Facts About Our Work in Guatemala
In 1986, Food For The Poor (FFTP) began working in Guatemala. The charity later began providing destitute families in the Central American country secure homes with sanitation, clean water and self-sustaining projects as a source of income and nutrition. FFTP works with in-country partners Caritas Arquidiocesana and the Order of Malta. There are 78 active projects in Guatemala including seven feeding programs, one recovery center, 18 community development programs, nine animal husbandry projects, 12 housing projects, three water, four medical, two agricultural, seven educational and one Angels Of Hope children’s home project. There also are two hospice and two scholarship programs.
In March 2020, FFTP responded quickly when COVID-19, a respiratory disease caused by the coronavirus, became a pandemic. The Guatemalan government issued a call for the mandatory use of face masks in public. FFTP established a project to provide necessary tools to training centers for women to earn an income as they produced more than 16,720 face masks.
- By the end of December 2020, there were more than 138,000 recorded coronavirus cases, according to worldometers.info.
- More than 1 million people needed emergency food aid, an increase of 570,000 from the beginning of the year, a result of lost work related to the pandemic.
- Most of the population cannot afford the cost of the basic food basket. As a result, stunting in children under 5 is one of the highest in the world – and the highest in Latin America and the Caribbean. At 46.5 percent nationally, the stunting rate climbs up to 70 percent in some departments, with peaks as high as 90 percent in the hardest hit municipalities, according to the United Nations World Food Programme.
In 2020, FFTP shipped 484 tractor-trailer loads of essential items to Guatemala, including 95 tractor-trailer loads of items specifically for COVID-19 relief, and 55 tractor-trailer loads of hurricane supplies in response to Hurricanes Eta and Iota.
On Nov. 3, 2020, Hurricane Eta made landfall as a powerful Category 4 hurricane just south of Puerto Cabezas, on Nicaragua’s northern Caribbean side of the country. This caused severe flooding in Guatemala, killing a reported 44 people, destroying homes, agriculture and livestock. The communities hardest hit were Alta Verapaz, Izabal and Petén. The situation become chaotic when less than two weeks later, on Nov. 16, Hurricane Iota took basically the same path and made landfall as a strong Category 4, complicating relief efforts. More than 6,400 were evacuated and two people were reportedly killed, more than 1,300 homes, and dozens of roads and bridges were damaged or destroyed by flood water.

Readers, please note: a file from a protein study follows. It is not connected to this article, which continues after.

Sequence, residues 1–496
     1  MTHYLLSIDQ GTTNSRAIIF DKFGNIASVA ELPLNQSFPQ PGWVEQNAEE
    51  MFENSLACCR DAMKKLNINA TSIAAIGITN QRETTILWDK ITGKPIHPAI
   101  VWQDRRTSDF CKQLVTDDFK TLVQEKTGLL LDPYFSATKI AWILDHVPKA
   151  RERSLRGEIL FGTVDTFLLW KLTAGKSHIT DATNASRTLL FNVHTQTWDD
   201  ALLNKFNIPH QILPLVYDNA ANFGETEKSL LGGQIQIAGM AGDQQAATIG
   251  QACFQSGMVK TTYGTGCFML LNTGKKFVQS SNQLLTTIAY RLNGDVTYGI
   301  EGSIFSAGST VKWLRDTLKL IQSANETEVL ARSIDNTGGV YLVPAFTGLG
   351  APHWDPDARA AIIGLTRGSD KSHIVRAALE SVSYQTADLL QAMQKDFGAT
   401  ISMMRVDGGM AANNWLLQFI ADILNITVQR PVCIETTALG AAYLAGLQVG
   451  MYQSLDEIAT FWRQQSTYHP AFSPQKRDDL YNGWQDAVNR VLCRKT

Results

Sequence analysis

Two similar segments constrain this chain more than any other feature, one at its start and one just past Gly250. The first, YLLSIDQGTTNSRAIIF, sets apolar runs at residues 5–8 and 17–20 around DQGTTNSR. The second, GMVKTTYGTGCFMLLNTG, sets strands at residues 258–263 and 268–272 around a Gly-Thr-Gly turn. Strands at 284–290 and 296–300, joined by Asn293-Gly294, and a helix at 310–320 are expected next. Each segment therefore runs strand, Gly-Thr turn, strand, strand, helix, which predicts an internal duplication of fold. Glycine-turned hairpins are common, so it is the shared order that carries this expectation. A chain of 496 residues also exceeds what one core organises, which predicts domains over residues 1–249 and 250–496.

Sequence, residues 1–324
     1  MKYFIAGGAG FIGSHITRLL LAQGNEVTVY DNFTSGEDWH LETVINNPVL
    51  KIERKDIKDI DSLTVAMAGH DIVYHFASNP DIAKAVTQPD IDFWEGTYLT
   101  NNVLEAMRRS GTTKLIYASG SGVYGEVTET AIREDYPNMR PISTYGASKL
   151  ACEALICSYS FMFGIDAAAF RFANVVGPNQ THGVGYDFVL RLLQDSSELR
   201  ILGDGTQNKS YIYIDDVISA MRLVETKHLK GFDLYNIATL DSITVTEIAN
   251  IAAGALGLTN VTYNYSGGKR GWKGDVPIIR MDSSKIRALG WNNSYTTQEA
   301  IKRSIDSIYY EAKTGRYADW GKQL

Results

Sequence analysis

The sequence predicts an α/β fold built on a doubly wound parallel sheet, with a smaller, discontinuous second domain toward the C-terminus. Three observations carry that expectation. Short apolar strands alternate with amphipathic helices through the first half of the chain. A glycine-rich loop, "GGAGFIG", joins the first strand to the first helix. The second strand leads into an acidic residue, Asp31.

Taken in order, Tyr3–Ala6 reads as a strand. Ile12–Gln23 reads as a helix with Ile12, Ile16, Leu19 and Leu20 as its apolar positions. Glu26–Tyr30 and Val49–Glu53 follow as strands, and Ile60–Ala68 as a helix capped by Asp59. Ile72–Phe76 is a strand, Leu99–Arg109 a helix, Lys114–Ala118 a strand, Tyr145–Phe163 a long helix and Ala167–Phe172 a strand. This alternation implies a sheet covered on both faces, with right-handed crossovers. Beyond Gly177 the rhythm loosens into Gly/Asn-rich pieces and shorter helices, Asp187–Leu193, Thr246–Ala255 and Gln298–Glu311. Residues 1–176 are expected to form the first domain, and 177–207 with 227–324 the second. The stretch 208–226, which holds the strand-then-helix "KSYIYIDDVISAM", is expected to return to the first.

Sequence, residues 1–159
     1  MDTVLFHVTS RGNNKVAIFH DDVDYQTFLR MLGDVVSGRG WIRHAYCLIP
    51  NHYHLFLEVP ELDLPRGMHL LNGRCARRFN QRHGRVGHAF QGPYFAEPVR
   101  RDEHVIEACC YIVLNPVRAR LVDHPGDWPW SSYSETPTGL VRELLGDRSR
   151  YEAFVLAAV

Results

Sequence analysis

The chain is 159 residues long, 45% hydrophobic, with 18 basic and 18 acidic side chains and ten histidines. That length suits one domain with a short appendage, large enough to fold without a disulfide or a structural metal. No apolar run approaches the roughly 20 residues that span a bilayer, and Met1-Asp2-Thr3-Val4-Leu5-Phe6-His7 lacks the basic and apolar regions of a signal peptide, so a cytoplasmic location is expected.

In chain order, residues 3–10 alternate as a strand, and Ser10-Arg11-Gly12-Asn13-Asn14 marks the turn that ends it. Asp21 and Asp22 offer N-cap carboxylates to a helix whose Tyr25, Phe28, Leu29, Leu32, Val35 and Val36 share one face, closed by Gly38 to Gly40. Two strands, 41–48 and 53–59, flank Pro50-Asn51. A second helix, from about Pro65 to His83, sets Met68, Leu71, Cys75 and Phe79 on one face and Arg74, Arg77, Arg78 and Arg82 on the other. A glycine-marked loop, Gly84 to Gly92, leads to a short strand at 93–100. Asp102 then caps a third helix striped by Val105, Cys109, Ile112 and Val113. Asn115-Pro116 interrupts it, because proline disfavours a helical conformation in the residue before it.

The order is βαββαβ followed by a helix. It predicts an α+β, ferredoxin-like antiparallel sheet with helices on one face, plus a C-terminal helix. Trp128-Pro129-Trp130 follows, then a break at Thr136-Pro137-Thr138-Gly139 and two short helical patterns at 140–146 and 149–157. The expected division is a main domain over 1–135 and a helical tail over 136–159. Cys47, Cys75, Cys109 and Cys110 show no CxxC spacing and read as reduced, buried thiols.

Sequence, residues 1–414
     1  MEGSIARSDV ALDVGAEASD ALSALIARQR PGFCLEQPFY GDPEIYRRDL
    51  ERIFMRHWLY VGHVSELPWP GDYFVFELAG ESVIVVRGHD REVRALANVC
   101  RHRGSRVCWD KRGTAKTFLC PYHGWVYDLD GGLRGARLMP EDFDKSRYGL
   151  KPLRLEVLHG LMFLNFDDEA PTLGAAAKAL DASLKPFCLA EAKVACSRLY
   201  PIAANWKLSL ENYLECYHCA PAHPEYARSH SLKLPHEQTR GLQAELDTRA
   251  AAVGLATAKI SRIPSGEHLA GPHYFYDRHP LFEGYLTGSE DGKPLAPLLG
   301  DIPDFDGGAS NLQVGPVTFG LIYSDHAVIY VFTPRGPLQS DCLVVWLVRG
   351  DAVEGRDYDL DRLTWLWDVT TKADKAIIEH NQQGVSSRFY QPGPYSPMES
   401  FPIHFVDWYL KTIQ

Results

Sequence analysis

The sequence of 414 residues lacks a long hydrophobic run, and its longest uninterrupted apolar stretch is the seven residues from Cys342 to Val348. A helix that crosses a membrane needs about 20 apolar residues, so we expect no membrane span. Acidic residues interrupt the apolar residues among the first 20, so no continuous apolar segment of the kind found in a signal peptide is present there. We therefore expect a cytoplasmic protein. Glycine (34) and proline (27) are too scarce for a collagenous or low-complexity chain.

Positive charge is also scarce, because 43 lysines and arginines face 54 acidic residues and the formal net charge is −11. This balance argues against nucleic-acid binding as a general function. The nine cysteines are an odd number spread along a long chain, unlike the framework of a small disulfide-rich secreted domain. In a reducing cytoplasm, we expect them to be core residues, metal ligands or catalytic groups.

The hurricanes added to the woes of communities already grappling with the loss of jobs brought on by the COVID-19 pandemic. FFTP and its donors are helping farmers replant crops through several projects that will increase food supply to areas hardest hit.
Children suffering from life-threatening malnutrition are receiving nourishing food through an innovative initiative by FFTP, Hormel Foods Corporation (NYSE: HRL), and Caritas Arquidiocesana. Since 2011, more than 21.4 million 3-ounce cans of Spammy™ have been provided to destitute families. Spammy™ is a shelf-stable turkey spread that has been fortified with zinc, iron, B vitamins, and other essential vitamins and minerals.
On June 3, 2018, the Volcan de Fuego or "Volcano of Fire" erupted and released a stream of lava and a cloud of hot rocks and ash over nearby Guatemala City, the country’s capital. According to published reports, the eruption of Volcan de Fuego killed nearly 200 people, and 260 have been declared missing. The volcanic eruption was the most severe in 45 years and is one of the most active in Central America. FFTP rushed emergency aid, which included medical supplies, food and clothing. Because of the charity's continued support in Guatemala, supplies were available to allow the organization to respond immediately with aid, which were distributed by the Order of Malta and Caritas Arquidiocesana.
- In 2020, FFTP built 139 homes for a total of 2,903 homes since inception.
- FFTP donors work through 24 Angels Of Hope children’s homes in Guatemala. Through this program, 1,555 orphaned and abandoned children have a safe home, food and people who give them loving care.
- FFTP and its in-country partners support 300 communities that provide women with immediate help and training to create a better future.
The population is approximately 17.4 million residents. The language is Spanish and Catholicism is the largest religion. The currency is the quetzal and the GDP per capita is $8,637.